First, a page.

Cunningham’s ambitions didn’t end there. What about the people brewing the coffee? Could a beacon inside the machine read the mobile devices of people in the house and find out who was brewing what? How many people were in a typical Keurig household? Survey data was great but known to be patchy and incomplete, and frequently biased toward a small sample of households. Could tying consumers through their mobile devices to other data sources help Keurig understand household income? Was it possible to get a location on the machine and discover which local retailers had the best selection of K-Cups?
Finally, Mike dreamed of outfitting the machine with a small LCD screen. Keurig has the rapt attention of tens of millions of consumers every morning as they wait the 30 seconds for their coffee to brew. Maybe the screen could suggest new brands, prompt consumers to order more when they were running low, or even serve up a video ad in exchange for a free cup of hotel coffee. In a world with connected refrigerators, the concept wasn’t a stretch. Keurig was watching in-home appliance makers like Samsung lean into Internet of Things (IoT) technology to get closer to their customers alongside many other makers of home appliances.
As an astute chief data officer, Mike was asking all the right questions. How could data transform his company, bring it closer to its consumers, provide a better and more relevant coffee drinking experience, and give his team the insights it needed to compete against a sea of fast-moving competitors? It wasn’t just other coffee makers they were competing with. Keurig partners with Starbucks, McDonald’s, and others, but still competes for that first and last coffee of the day. Being a favored and available drink choice multiple times a day is the central imperative of beverage companies everywhere. Keurig was more agile than most with its retail partner relationships, but it still didn’t have a good view of all its customers across retail.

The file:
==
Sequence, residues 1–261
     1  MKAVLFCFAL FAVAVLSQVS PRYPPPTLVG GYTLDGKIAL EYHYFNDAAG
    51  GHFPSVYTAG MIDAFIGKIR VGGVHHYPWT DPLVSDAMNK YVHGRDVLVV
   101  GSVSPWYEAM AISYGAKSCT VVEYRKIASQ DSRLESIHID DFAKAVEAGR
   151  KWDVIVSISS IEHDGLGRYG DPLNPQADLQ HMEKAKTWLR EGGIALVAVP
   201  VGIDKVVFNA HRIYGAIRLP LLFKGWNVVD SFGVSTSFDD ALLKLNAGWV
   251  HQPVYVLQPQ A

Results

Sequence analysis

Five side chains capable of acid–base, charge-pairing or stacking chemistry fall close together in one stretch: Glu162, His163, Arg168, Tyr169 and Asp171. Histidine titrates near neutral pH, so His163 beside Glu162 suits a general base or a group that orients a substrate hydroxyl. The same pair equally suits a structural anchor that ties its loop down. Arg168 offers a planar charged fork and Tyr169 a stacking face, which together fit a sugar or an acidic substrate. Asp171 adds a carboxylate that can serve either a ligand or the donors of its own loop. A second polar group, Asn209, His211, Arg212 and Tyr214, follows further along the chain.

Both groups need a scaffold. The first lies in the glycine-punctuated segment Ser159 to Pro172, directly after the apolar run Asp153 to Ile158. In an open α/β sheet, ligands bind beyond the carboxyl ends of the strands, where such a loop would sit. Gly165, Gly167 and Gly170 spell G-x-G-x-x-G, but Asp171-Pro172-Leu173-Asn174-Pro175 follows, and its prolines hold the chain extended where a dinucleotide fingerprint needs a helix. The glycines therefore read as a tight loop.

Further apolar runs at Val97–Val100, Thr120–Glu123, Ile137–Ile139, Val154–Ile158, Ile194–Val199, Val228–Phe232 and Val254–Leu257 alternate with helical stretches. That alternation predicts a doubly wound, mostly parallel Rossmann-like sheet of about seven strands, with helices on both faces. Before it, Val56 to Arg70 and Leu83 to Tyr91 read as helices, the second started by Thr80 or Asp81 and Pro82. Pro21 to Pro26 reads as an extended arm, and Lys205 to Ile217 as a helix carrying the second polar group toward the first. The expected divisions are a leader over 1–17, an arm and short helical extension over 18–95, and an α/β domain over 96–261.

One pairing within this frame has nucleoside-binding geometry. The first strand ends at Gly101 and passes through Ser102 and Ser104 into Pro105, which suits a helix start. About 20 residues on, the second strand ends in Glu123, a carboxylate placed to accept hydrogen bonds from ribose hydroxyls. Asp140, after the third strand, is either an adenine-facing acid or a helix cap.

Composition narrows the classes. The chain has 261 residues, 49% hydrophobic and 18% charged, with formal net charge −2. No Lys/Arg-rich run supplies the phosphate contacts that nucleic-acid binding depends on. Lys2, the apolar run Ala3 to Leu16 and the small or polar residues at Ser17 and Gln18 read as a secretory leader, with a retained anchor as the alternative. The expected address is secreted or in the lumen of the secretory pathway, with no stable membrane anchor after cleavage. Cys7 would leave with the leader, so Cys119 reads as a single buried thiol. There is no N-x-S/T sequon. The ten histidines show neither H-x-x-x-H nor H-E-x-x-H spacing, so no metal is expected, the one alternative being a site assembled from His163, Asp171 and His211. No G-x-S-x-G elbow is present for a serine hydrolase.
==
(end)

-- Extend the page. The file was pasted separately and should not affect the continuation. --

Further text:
In other words, sometimes Keurig’s relationship with customers was arm’s length. If a K-Cup was sold on Keurig.com or a retailer partner who shared data with the company, then there was no problem. But what about the millions of other cups sold at retail? Once Keurig sold a few cases of K-Cups to the local grocery store or hotel location, the company didn’t get much access to the consumer experience. Sure, it knew how many cups it was selling, but what else were those customers filling their shopping carts with? How much did they spend at the supermarket? What was Keurig’s share of basket against competitive brands? Were hotel visitors actually making a K-Cup at their hotel when they woke up, or were they waiting until they got to Dunkin’ Donuts for that first cup of coffee? Also, who were the customers exactly? How much money did they have? Where did they live? What websites and apps did they spend their time on? What celebrities did they like, and what TV shows were they watching?
Mike was a trailblazer who fully imagined what Keurig could do with better access to this kind of people data from its devices. First, the company would know and understand more about the people who drink coffee at home than any other company in the world—what they drink, when they drink it, and what brands they drink. Any brand that supplied a K-Cup would seek ongoing access to that data so it could achieve deeper insights about its own customers. More important, the company would start on a journey to own more of its purchase data, especially if folks could order right from the machine or, better yet, have the machine order for them when they started to run low. This was fundamental to Mike’s first principle of delighting customers through better experience delivery.
In the most basic sense, what Keurig could achieve with data, accelerated by an IoT strategy, was a sustained, truly personal relationship with its customers.